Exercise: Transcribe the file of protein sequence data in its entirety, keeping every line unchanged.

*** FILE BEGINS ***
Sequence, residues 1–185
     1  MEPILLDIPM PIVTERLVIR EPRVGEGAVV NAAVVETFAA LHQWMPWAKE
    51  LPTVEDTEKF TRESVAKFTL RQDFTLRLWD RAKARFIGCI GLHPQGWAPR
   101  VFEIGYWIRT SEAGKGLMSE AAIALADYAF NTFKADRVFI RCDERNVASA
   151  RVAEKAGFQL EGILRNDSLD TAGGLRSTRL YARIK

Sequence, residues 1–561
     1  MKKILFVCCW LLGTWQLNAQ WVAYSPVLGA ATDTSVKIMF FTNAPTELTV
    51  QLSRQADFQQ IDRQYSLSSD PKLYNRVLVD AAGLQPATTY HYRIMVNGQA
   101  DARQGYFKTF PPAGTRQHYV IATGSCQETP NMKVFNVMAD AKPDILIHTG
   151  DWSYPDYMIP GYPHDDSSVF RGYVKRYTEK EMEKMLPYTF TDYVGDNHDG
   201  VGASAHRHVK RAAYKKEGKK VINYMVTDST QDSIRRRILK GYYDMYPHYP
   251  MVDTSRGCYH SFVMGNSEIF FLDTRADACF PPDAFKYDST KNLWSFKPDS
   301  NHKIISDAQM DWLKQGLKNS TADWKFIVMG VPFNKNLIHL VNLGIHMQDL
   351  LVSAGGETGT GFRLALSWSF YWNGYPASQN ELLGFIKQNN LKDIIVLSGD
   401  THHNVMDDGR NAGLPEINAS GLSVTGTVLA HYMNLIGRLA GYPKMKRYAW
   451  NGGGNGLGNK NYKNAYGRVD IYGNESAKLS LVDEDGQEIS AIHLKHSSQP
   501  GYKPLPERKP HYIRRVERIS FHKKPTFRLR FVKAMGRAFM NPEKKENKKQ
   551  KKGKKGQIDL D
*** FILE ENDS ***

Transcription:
Sequence, residues 1–185
     1  MEPILLDIPM PIVTERLVIR EPRVGEGAVV NAAVVETFAA LHQWMPWAKE
    51  LPTVEDTEKF TRESVAKFTL RQDFTLRLWD RAKARFIGCI GLHPQGWAPR
   101  VFEIGYWIRT SEAGKGLMSE AAIALADYAF NTFKADRVFI RCDERNVASA
   151  RVAEKAGFQL EGILRNDSLD TAGGLRSTRL YARIK

Sequence, residues 1–561
     1  MKKILFVCCW LLGTWQLNAQ WVAYSPVLGA ATDTSVKIMF FTNAPTELTV
    51  QLSRQADFQQ IDRQYSLSSD PKLYNRVLVD AAGLQPATTY HYRIMVNGQA
   101  DARQGYFKTF PPAGTRQHYV IATGSCQETP NMKVFNVMAD AKPDILIHTG
   151  DWSYPDYMIP GYPHDDSSVF RGYVKRYTEK EMEKMLPYTF TDYVGDNHDG
   201  VGASAHRHVK RAAYKKEGKK VINYMVTDST QDSIRRRILK GYYDMYPHYP
   251  MVDTSRGCYH SFVMGNSEIF FLDTRADACF PPDAFKYDST KNLWSFKPDS
   301  NHKIISDAQM DWLKQGLKNS TADWKFIVMG VPFNKNLIHL VNLGIHMQDL
   351  LVSAGGETGT GFRLALSWSF YWNGYPASQN ELLGFIKQNN LKDIIVLSGD
   401  THHNVMDDGR NAGLPEINAS GLSVTGTVLA HYMNLIGRLA GYPKMKRYAW
   451  NGGGNGLGNK NYKNAYGRVD IYGNESAKLS LVDEDGQEIS AIHLKHSSQP
   501  GYKPLPERKP HYIRRVERIS FHKKPTFRLR FVKAMGRAFM NPEKKENKKQ
   551  KKGKKGQIDL D